“The Cask of Amontillado” by Edgar Allen Poe (11th Grade)
This classic Poe text begins with the main character, Montresor, explaining why he must seek revenge: his friend, Fortunato, insulted him. When Montresor encounters Fortunato at a party, he seizes his opportunity, taking Fortunato down into a cellar under the guise of tasting exquisite wine. When they reach the bottom, however, Montresor shackles Fortunato to the walls and builds an additional wall around him, trapping him there forever.
Afterwards, have students read the paired text “The Poison Tree” by William Blake, a poem about revenge. Ask students to consider, “Why do both speakers seek revenge? How have they handled their hatred for their enemies?”
“Sweat” by Zora Neale Hurston (12th Grade)
This story, set in early 1900’s Florida, chronicles the final interactions between husband and wife, Delia and Sykes. The final straw for Delia is when Sykes brings home a rattlesnake - Delia’s greatest fear - hiding it in a laundry bin for her to find. When faced with the rattlesnake, Delia escapes; however, when Sykes returns home, the snake is still loose. In a moment that could be considered karma, the snake bites Skyes. The story ends with Skyes calling for Delia’s help but receiving no response.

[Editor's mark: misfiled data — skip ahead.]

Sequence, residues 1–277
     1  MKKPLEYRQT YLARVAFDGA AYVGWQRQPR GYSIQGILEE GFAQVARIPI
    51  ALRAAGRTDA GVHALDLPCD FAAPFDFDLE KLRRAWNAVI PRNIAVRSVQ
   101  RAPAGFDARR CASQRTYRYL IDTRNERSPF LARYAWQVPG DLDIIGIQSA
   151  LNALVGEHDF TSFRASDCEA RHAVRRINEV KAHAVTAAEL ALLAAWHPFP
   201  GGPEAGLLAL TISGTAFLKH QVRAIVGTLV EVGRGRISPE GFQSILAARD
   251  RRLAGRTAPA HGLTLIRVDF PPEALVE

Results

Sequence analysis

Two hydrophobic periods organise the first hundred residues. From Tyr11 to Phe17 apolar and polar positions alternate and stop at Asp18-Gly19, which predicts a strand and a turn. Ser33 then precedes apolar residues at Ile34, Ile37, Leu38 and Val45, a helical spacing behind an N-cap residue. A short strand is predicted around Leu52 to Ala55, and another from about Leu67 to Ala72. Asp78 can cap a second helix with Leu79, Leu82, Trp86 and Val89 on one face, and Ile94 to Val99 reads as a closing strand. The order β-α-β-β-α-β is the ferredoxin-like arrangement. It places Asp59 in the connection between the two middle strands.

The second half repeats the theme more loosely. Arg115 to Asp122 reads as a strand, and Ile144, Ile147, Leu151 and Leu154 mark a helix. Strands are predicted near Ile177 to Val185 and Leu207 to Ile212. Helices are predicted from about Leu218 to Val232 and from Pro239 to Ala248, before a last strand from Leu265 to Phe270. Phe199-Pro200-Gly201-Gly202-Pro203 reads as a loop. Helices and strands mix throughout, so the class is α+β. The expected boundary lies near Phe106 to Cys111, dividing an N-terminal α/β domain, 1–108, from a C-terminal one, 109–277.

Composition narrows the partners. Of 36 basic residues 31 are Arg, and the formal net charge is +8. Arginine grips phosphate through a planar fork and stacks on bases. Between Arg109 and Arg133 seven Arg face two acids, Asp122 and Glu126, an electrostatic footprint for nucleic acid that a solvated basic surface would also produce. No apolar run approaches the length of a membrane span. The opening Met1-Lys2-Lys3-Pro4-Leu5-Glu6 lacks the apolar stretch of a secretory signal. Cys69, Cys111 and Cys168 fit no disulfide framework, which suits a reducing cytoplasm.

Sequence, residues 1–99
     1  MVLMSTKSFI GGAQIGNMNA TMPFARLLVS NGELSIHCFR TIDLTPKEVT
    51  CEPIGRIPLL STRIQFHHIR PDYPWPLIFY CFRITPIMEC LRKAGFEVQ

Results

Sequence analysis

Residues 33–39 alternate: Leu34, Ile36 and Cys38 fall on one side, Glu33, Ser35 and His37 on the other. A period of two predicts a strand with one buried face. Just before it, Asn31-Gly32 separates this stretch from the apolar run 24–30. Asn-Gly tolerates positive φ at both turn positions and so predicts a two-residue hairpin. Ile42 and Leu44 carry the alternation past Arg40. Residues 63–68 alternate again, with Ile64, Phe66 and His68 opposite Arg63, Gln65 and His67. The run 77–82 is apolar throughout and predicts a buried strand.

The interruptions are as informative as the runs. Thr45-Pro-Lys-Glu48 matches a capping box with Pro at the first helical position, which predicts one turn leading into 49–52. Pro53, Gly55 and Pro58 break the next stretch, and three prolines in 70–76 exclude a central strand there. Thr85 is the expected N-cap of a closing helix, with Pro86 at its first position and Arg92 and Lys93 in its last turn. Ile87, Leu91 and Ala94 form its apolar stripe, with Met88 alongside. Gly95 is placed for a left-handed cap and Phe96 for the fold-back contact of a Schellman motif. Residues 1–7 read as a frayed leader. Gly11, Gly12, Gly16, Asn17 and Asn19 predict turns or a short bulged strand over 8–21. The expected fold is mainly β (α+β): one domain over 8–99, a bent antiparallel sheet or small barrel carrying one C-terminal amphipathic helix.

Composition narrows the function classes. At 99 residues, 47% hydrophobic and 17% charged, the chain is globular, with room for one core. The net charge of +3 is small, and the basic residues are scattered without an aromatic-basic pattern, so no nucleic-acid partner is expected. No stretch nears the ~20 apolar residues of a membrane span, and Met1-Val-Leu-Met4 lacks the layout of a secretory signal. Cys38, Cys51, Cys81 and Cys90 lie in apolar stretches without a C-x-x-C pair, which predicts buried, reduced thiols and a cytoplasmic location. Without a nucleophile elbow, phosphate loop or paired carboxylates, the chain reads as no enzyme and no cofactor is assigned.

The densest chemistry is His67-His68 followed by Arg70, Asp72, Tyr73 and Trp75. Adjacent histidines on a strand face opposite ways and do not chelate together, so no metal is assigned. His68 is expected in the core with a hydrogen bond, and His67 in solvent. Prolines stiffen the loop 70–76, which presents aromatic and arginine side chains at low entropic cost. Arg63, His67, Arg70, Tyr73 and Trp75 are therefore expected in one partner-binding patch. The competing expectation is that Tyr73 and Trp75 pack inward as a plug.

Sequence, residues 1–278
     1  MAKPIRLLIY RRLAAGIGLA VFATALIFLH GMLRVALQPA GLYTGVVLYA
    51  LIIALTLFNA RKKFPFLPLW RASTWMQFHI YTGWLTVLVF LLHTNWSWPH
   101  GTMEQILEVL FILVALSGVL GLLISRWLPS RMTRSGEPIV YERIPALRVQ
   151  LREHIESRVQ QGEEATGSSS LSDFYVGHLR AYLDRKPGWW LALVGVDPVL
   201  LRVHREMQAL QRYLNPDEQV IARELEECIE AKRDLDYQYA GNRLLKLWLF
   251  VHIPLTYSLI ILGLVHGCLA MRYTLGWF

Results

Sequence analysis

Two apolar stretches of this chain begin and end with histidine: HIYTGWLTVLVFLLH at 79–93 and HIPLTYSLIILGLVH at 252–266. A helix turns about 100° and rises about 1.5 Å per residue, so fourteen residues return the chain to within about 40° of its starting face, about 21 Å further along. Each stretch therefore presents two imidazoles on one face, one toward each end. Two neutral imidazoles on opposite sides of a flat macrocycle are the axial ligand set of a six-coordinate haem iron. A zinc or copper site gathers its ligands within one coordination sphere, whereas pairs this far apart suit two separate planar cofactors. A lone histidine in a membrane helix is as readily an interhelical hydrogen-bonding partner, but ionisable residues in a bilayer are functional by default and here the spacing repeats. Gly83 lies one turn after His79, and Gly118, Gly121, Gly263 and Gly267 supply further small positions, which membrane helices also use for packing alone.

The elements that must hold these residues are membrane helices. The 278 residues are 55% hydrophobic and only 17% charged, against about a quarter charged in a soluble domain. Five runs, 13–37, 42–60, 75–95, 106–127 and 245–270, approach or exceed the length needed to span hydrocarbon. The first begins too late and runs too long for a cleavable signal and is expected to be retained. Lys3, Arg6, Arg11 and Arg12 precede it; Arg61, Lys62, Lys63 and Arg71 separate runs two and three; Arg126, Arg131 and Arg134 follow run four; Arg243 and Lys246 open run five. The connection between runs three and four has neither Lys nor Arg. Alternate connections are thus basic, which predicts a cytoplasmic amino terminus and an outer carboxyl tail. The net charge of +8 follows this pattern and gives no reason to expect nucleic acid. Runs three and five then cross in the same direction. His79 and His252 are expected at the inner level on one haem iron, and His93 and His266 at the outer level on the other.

After reading, ask students Discussion Question 1, “Would you describe Delia’s actions at the end of the story as revenge? Why or why not? Do you think Delia should have forgiven Skyes in the end?”